How To Deal With Uncertainty

When you choose to become an entrepreneur, you invite change as it’s prevalent in every area of entrepreneur’s life. This is true, but hard to accept, especially if you grew up fearing and rejecting change at all costs like Igor. Join Igor as he dives deep into his childhood, growing up in post-soviet Ukraine where his type wasn’t welcome.


I'm Igor Kheifets and this is the List Building Lifestyle, a podcast for anyone who wants to build a wildly profitable email list working from home. If you'd like to make six figures, travel the world and help people improve their lives in the process, then this podcast is for you. I also invite you to attend a free workshop at where I'm teaching how I made $21,779.45 cents in affiliate commissions by sending just 481 clicks to my affiliate link in one day. I'm also explaining why I walked away from ClickBank and I don't promote ClickBank offers anymore as well as the five things I look for in the perfect affiliate offer. I'm even going to show you the one page website that I used to make over half a million dollars in affiliate commissions this year and I'll even drive you to attend this workshop by giving you a $497 value course that shows you how to cherry pick high converting affiliate offers for your next affiliate promotion.

In addition, I'll even give you the three offers I'm promoting right now that are making me money as we speak. All that and more at And now it's time to claim your List Building Lifestyle.

Welcome back to another edition of the List Building Lifestyle with your host, Igor Kheifets. Back in 1998 when I was just a kid who lived in Ukraine, we have to remember, just to put things into some context, we were a Jewish family in a predominantly non-Jewish area where some people knew we were Jews and other people did not, but it wasn't something we necessarily wanted people to know. And if you know anything about post-Soviet Russia and Ukraine, when it comes to being Jewish, it's really bad. I mean, I don't want to say it's as bad as being black, for example, back in the 1950s or '60s because we didn't get beat up for that just because we're Jewish, but many doors were closed and many people kind of try to trip you over because you are Jewish.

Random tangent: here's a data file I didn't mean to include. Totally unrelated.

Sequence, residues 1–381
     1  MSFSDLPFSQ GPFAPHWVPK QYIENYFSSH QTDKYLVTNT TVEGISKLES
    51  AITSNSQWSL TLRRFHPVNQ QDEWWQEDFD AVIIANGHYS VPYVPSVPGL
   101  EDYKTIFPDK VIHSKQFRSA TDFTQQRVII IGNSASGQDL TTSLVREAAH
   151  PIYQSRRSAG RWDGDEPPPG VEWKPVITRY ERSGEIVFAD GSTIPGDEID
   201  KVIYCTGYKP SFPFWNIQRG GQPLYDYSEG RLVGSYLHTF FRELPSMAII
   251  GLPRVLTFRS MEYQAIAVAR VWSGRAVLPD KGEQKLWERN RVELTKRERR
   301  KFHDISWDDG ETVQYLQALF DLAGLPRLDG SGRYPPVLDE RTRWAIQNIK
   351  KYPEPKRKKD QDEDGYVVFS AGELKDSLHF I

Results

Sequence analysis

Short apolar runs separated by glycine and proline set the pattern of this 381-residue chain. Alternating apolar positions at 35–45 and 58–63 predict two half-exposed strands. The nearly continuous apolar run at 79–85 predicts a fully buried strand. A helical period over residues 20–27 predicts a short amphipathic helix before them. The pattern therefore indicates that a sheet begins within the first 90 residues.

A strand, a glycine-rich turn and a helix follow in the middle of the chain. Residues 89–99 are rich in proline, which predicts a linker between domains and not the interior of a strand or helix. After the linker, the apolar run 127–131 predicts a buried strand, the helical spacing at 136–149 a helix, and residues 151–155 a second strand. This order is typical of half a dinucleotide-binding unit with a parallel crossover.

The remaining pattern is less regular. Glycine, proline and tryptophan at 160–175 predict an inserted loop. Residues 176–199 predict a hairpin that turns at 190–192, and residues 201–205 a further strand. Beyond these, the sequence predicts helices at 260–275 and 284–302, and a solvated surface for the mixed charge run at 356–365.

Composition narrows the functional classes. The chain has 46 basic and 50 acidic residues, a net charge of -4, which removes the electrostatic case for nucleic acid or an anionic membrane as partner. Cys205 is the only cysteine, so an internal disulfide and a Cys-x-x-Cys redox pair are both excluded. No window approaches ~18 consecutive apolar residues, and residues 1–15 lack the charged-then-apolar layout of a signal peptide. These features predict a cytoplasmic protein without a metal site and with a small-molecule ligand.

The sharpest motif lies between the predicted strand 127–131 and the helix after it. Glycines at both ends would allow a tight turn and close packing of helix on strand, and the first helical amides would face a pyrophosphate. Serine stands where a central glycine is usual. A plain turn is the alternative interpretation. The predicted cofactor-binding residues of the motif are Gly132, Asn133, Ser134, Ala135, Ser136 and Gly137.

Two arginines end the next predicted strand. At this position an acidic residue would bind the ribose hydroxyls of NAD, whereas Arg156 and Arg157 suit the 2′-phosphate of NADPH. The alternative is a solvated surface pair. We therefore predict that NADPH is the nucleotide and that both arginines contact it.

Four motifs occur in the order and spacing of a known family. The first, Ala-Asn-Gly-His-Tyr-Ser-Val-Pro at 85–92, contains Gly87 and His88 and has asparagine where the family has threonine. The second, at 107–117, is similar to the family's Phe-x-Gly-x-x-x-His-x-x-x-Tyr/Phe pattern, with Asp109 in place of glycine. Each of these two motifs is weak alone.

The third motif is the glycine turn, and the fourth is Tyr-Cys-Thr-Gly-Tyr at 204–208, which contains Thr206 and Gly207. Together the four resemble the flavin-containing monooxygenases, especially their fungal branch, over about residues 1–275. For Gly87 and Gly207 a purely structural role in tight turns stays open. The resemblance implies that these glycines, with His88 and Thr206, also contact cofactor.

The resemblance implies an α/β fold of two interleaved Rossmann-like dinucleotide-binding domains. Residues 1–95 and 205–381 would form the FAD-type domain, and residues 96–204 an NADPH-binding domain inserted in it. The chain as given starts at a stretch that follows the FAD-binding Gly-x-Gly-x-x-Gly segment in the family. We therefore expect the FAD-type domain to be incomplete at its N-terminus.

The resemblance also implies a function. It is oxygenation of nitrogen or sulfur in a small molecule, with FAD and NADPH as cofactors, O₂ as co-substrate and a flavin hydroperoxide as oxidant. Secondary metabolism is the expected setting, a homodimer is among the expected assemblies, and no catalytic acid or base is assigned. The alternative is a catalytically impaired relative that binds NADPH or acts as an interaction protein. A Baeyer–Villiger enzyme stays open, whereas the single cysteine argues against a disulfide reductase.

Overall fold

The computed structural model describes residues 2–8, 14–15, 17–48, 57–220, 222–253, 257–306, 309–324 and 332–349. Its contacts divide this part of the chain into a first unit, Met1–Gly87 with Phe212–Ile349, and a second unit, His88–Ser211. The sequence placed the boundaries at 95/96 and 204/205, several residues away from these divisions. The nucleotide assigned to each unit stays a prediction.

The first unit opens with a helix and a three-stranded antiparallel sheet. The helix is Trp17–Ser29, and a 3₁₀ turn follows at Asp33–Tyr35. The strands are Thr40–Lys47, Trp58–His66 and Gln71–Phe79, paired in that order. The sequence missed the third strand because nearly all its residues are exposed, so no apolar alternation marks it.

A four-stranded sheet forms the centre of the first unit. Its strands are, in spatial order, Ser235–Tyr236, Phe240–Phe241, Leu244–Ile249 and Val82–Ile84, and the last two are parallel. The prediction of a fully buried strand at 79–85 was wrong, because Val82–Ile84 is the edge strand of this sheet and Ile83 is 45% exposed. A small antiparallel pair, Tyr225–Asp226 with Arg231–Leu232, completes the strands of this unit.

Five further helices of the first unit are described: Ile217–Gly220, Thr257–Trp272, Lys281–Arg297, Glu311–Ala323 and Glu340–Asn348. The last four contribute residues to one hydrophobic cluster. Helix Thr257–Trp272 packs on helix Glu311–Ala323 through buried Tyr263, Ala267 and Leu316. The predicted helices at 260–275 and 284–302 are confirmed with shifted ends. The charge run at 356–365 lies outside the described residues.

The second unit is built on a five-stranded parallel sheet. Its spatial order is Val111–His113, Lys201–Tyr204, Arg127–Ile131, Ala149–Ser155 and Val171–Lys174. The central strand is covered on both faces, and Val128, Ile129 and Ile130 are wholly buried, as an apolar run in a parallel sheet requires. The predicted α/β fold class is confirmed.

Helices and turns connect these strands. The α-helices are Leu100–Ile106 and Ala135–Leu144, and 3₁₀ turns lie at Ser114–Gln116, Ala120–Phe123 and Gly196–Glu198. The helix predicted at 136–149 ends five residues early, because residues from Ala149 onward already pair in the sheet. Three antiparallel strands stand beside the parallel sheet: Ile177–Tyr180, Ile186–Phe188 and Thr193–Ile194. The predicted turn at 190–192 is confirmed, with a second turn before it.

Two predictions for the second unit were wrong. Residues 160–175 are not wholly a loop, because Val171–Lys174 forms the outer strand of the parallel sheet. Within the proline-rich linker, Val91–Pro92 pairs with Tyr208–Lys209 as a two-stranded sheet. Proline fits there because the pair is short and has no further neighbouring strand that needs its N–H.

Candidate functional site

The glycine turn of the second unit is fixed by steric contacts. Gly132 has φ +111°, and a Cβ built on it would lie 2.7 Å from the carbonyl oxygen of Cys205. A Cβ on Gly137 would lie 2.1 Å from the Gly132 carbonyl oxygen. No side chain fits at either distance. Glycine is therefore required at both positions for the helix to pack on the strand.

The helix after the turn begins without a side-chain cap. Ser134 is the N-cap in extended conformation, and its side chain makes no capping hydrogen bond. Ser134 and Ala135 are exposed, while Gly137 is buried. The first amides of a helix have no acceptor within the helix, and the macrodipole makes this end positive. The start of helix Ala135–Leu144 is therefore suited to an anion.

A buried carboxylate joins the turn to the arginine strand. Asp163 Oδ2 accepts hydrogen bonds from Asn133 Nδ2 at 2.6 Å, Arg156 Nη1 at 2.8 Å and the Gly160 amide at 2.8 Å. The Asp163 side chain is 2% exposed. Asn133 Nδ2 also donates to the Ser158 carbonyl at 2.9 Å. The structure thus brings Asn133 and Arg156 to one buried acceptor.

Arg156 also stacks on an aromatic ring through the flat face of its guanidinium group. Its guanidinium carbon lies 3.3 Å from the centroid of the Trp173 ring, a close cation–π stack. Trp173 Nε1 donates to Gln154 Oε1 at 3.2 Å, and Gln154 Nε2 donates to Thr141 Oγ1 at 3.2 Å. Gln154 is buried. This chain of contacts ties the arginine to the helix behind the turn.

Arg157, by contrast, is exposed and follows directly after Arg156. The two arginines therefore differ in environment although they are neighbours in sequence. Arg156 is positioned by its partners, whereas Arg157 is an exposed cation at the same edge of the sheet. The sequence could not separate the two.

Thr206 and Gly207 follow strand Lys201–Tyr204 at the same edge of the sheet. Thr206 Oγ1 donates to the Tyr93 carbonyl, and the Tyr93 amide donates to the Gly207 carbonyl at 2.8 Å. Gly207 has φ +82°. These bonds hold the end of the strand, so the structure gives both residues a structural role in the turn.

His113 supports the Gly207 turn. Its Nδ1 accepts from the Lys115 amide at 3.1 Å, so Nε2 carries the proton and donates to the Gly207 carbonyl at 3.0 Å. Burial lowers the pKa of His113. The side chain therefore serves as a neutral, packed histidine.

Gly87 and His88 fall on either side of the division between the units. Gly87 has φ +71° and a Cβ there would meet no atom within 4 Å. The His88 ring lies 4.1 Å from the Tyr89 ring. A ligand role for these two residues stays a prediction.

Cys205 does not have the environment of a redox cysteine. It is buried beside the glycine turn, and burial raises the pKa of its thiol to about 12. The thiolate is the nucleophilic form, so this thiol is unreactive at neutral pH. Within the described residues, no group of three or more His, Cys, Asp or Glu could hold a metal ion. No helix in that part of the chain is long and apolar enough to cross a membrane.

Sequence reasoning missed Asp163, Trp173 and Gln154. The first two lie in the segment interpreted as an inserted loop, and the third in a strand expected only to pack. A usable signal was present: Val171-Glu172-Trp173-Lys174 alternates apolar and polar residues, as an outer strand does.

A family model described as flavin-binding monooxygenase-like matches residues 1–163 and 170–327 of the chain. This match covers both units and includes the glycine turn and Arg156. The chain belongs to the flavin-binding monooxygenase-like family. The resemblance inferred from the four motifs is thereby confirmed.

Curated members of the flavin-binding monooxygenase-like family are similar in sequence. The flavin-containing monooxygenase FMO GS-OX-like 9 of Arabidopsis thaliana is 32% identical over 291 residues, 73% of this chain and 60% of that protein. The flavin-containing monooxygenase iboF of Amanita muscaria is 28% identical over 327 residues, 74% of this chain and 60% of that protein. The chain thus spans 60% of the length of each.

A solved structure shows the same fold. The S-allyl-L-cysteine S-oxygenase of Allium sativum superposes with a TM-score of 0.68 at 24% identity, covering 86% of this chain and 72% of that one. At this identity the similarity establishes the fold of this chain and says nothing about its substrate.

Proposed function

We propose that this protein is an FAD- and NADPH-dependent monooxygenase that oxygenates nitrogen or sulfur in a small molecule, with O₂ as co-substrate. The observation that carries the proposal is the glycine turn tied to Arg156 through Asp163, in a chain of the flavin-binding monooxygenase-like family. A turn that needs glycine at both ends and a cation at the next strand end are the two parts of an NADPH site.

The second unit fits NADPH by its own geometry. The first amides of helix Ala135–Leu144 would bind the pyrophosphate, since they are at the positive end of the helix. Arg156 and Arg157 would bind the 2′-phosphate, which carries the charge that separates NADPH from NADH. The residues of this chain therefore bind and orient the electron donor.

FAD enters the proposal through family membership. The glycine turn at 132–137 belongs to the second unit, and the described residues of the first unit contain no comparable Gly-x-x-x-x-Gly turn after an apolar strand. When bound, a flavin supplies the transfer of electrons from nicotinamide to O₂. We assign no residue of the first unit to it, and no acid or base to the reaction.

And so for example in school, there was one kid that was very like very annoying and really wanted to get on my case and try to beat me up one time. So, always got in trouble until eventually I'd beat the living crap out of him to a point where he complained to his mom and his mom approached my mom and be like, "So why did your son beat up my kid?" And to which my mom was like, "Well, why did your kid call my son at kike? He deserves to get beaten up." You know? So that was the conversation. And so that's the time I grew up in, and then I remember in 1998 there were elections. It was the election year and the president Kuchma was running up against some other guy. And so Kuchma was friendly to the Jews. He didn't really get in the way, but the other guy, he wasn't.

He was an antisemite and I remember my mom watching the news and she was scared. Her face was just pale and white. Really whiter than usual, you know? And I was like, "Mom, what's wrong?" And she says, "Don't you understand? This person hates people like us." And I was like, "People like us, what kind of people like us?" And so, "The Jews. The Jews." So my mom was really scared and thankfully Kuchma won, so she was good for a couple more years, but then we immigrated to Israel where I actually ended up getting beaten up because I was Russian. Because in Israel, even though I was Jewish, I was still an outsider because I didn't speak the language. And basically I got beat up for a totally different... Same reason, but for a different ethnicity, if you will.

So back in Ukraine, I was a Jew who lived in Ukraine. In Israel, I was a Ukrainian who just happens to live in Israel. But point being is that this other point, me getting beat up, not the point. The point being is that my mom was really scared of change. So was my dad because my dad had a long army career. He graduated the Suvorov Military Academy in Moscow, then ended up getting transferred to Ukraine where I was born and my brother was born. And same thing happened. Well, in the army you kind of, you know, they send you places, but it's always safe because you know that the army is taking care of you. And so my dad eventually had to leave the army because the Soviet Union fell apart and just everyone was just stealing things right, left, front, and center.